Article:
When Moira Tune, 54, arrived in Charente-Maritime in 2015, she was already used to living abroad, having spent the previous 18 years in Egypt working as a scuba diving instructor and editor.
“I loved my life in Egypt, where I’d lived since my early 30s,” she says. “I adore diving, so teaching it professionally was amazing. I also love writing, so editing a local tourist magazine was a very satisfying role.”
In 2015 she realised it was time for a change
“Egypt had changed after the revolution, so life became a bit more difficult. Also, my job was dependent on tourism, which had sadly plummeted.
I felt I needed more security and stability,” she explains.
Having decided she did not want to return to the UK, Moira turned her attention to France.
“My parents have lived in Charente-Maritime since 2004,” she says.
“I’d visited over the years and really liked the area and the culture. I decided it made sense to find a home near mum and dad, so made the move in 2015.”
Photo: Moira in the vineyard; Credit: Moira Tune
Daunting relevage role in a vineyard
Upon arrival, Moira set up on the auto-entrepreneur scheme, offering freelance services such as web design, content production and social media marketing.
However, she knew she wanted to integrate more and in 2019 she took a seasonal role working in vineyards.
With no experience and with only basic French, this was a daunting undertaking, but Moira secured a role doing relevage.
“Relevage takes place when the vines are growing and involves lifting the branches,” explains Moira. This process helps foliage to spread and air to circulate. It also improves ripening and helps to protect the vines from wind.
“The work was very physical. I’d walk on average 20km a day and work eight-hour days.
“Relevage usually takes place for three weeks in June, so it was an intense period and completely exhausting, but I enjoyed being outdoors and working with the vines,” she says.
‘I was so slow at tirage de bois’
Moira continued to work in this way each summer from 2019 to 2022 and, having gained some experience of vineyard work, also started doing the tirage de bois in December 2021.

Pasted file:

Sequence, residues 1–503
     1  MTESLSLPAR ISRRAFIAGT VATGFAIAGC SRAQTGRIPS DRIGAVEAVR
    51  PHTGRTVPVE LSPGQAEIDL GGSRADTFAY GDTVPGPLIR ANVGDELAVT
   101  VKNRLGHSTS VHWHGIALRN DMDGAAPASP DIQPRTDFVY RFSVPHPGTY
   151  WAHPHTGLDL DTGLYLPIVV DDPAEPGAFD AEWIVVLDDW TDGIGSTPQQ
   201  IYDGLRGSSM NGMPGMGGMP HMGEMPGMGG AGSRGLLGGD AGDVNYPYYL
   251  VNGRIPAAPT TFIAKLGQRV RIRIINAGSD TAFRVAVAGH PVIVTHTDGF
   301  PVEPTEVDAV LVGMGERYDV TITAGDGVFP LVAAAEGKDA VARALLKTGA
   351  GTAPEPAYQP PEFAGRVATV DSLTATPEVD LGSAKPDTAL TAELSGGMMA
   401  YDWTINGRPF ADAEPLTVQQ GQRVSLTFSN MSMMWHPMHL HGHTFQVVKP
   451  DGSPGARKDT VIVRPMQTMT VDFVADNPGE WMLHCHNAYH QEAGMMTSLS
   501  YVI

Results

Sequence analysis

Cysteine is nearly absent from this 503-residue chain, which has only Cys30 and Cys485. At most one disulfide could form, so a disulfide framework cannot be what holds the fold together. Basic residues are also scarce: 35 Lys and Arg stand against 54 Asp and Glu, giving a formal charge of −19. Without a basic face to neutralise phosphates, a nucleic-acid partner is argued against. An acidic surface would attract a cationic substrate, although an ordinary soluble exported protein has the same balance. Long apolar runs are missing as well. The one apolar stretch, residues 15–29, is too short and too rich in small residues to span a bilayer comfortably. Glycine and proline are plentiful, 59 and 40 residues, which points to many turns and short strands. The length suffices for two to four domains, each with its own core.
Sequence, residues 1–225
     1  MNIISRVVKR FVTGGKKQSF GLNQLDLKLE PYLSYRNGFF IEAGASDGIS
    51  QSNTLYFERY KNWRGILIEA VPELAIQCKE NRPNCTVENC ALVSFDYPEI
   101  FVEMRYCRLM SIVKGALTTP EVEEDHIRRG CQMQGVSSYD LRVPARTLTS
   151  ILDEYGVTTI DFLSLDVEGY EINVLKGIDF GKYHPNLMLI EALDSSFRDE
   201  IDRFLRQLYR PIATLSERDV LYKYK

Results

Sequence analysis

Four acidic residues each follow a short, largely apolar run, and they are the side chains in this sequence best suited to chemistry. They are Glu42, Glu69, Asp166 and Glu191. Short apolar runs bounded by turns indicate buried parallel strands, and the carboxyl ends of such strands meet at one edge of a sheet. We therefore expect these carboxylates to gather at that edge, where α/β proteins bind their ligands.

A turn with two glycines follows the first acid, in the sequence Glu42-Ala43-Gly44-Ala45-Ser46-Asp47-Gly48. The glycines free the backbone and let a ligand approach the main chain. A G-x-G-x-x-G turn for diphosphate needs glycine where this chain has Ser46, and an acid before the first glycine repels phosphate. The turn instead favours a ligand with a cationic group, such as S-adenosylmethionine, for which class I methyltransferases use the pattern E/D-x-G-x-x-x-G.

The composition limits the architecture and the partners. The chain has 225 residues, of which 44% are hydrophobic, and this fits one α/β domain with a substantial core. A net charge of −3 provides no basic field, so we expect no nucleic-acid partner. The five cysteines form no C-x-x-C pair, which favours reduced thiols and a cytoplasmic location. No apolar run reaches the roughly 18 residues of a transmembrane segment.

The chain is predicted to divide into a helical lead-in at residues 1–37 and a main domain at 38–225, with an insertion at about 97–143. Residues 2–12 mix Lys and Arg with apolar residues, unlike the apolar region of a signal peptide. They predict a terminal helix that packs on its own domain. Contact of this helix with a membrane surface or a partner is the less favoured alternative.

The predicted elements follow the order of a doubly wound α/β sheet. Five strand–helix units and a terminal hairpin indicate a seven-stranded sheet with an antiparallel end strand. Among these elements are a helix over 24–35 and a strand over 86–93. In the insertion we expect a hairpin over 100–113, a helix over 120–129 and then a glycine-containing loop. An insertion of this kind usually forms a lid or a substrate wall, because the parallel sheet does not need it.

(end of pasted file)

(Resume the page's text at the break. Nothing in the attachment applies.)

“Tirage de bois is where workers trawl the vines pulling out dead wood and preparing the plants for the new season’s growth. The first year, I worked solo and it was incredibly hard,” says Moira.
“I was so slow, and in order to earn Smic [minimum wage] you need to work through 100 vines an hour.”
Over time, Moira improved her pace and took on the role again the following season.
Learned vineyard skills of attaché and gourmandage
Finally, in spring, vineyard workers carry out the attaché – where vines are pinned to wire before they start to bud. Moira did her first attaché season in spring 2022.
“It took about eight weeks in total,” she says. “After that, I did gourmandage, where you knock the sucker shoots at the base of the vines to prevent them taking the nutrients from the plants.”
Challenge with many benefits
After working on the vines for two years, Moira was offered an opportunity to train in vinification, making red wine for a local co-operative.
“My main job was to ‘tend the grape juice’, which meant adding yeast to start fermentation, checking the density daily and rotating the young wine in the huge vats (cuves).”
While working the vineyards has been a challenge, it has brought many benefits.
“Locals seem to respect me more,” Moira says, “and having to speak French and work in French teams meant my French came on in leaps and bounds.
“It was really difficult at first, but being immersed in an environment where nobody speaks English really does make a difference.”
Springboard to new property management career
The experience of working in a vineyard has been a springboard to a new career in property management, which Moira started this year – a less physical, more stable role.
“My years working with French teams and my improved language definitely played a part in being able to take on this new job,” she says.